I have this on my Audi, but not from factory. My keyless entry broke, and the ignition key hole broke at one point, so we had to get a new one. So now, I use the old pattern to unlock the car and the new one to start it.

      Now if only I could get that to work on my Integra...

    11. 05-28-2011 01:43 PM #10
      My corrado has this too. One key to unlock it/glove box and one key to start it.

      I like it that way. I can tell someone to "go get something out of my car" without fear of them (for some reason) stealing it.

    12. Member VWestlife's Avatar
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      05-28-2011 02:51 PM #11
      Quote Originally Posted by rimtrim View Post
      GM used to advertise this as an anti-theft feature! Probably not a very effective one, but I guess it gave them some way to respond to the fact that their '70s and '80s cars were so easy to steal.
      The story I heard is that GM used such a limited number of unique key patterns back then that the different door and ingition keys were used to reduce the chance that someone would coincidentally have the same key pattern as you, and unintentionally (or not!) get in and drive away with the wrong car.
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    13. Geriatric Member BRealistic's Avatar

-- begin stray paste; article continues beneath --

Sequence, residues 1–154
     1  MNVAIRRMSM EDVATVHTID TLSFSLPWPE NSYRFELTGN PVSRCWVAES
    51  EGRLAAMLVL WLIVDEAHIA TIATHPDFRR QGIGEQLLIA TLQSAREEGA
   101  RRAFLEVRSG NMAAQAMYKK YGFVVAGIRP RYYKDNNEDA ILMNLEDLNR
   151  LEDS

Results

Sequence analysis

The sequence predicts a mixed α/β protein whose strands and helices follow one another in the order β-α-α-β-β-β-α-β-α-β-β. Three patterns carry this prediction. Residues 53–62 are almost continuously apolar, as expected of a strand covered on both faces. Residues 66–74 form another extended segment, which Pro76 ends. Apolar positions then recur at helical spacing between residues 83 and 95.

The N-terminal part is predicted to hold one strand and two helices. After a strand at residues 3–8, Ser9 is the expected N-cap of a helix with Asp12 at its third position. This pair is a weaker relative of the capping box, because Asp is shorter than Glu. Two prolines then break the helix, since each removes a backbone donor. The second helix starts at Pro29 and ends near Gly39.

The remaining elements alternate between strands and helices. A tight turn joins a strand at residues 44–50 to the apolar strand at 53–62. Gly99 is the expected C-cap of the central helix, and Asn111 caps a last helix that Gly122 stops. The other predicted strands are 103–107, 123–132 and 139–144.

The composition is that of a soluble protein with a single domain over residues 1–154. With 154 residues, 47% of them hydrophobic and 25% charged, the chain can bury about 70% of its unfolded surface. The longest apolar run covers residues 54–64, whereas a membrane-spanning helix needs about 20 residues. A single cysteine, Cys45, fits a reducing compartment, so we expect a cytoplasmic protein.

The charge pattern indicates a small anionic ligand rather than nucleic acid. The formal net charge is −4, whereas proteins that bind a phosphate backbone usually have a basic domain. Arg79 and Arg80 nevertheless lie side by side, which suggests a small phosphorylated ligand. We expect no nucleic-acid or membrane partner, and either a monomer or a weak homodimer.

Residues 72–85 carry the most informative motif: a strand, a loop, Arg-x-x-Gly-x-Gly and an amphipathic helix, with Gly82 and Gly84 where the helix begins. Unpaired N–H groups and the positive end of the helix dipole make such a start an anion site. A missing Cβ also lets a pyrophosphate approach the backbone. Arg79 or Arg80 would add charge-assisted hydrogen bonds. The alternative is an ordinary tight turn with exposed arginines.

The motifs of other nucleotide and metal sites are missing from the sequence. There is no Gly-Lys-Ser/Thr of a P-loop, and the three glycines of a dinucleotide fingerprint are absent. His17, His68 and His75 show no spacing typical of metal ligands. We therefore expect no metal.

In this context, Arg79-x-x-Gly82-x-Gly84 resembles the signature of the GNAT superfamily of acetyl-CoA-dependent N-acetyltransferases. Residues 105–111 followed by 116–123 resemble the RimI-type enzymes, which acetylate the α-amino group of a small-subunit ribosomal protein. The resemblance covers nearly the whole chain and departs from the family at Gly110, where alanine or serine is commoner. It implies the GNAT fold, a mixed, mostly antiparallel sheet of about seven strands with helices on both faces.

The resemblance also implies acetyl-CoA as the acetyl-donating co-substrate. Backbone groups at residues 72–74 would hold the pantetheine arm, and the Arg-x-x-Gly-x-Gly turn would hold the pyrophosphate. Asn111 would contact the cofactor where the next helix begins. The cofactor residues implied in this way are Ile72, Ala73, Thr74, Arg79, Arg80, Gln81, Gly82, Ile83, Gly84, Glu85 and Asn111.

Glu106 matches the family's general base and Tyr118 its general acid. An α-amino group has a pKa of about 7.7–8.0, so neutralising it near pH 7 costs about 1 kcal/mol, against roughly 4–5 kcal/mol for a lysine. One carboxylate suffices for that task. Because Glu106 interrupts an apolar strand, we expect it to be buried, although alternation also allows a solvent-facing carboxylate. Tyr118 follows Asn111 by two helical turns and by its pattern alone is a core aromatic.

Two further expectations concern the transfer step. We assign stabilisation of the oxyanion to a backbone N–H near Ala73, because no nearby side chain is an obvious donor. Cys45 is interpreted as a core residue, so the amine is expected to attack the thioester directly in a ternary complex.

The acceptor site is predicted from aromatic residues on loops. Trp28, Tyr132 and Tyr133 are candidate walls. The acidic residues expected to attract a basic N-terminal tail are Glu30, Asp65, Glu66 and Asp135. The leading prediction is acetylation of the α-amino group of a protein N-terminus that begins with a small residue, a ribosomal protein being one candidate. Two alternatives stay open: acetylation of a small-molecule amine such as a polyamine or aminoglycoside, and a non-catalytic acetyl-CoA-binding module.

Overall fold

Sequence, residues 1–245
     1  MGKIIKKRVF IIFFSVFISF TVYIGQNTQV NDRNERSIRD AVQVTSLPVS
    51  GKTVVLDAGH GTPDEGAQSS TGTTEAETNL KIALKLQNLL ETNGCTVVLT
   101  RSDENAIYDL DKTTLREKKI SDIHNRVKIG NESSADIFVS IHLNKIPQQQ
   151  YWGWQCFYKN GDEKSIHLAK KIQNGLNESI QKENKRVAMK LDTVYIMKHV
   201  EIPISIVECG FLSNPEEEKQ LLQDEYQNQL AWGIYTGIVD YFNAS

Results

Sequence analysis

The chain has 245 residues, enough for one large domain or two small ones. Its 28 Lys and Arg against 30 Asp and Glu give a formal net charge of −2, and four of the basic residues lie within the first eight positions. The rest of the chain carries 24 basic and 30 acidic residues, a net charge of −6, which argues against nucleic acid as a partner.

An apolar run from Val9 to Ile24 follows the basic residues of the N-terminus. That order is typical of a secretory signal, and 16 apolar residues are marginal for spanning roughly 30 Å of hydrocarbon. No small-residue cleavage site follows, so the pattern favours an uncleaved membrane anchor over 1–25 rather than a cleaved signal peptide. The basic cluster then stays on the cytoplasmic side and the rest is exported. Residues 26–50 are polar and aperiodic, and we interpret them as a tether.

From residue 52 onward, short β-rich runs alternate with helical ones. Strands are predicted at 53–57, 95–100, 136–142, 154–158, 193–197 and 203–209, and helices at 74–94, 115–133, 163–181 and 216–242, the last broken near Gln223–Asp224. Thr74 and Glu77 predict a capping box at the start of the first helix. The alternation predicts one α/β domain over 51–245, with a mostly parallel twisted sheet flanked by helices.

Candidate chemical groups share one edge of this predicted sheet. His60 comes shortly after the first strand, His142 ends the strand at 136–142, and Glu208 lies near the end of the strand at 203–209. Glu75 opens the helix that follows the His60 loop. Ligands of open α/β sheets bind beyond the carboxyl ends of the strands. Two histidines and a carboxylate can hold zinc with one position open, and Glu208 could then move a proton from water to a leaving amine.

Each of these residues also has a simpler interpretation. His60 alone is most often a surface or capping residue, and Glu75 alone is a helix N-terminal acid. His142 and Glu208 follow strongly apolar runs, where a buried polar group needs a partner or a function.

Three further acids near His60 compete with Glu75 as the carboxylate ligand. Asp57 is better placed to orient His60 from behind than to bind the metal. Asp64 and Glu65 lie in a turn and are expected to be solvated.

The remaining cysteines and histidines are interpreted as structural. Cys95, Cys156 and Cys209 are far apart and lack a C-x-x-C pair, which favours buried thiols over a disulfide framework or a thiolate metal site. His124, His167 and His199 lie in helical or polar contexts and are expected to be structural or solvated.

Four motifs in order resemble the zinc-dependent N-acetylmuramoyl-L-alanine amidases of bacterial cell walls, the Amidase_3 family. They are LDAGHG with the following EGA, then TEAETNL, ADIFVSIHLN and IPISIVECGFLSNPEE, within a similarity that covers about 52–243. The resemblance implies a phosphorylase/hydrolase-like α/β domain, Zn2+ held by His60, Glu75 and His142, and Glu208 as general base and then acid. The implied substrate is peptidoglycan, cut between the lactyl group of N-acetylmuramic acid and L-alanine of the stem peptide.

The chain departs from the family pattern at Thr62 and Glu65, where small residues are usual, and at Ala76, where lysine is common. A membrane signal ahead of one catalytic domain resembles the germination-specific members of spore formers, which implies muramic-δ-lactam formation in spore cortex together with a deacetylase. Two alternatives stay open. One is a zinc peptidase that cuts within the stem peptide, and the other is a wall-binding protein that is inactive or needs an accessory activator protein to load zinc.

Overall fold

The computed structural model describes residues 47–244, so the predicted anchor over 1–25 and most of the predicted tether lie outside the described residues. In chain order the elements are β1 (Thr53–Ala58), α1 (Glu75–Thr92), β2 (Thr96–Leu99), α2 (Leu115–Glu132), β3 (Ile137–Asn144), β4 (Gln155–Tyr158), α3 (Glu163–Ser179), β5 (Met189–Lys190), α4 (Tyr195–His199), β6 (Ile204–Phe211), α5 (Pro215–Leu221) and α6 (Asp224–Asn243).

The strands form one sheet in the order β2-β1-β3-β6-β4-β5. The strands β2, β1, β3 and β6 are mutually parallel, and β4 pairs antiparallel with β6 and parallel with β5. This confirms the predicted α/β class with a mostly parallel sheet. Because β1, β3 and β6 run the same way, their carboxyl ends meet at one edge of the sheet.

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      05-28-2011 03:09 PM #12
      Quote Originally Posted by corradokreep View Post
      My corrado has this too. One key to unlock it/glove box and one key to start it.

      I like it that way. I can tell someone to "go get something out of my car" without fear of them (for some reason) stealing it.
      You must have awesome friends.

    14. Geriatric Member BRealistic's Avatar
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      05-28-2011 03:12 PM #13
      Quote Originally Posted by VWestlife View Post
      The story I heard is that GM used such a limited number of unique key patterns back then that the different door and ingition keys were used to reduce the chance that someone would coincidentally have the same key pattern as you, and unintentionally (or not!) get in and drive away with the wrong car.
      Ok. Now that does make sense.-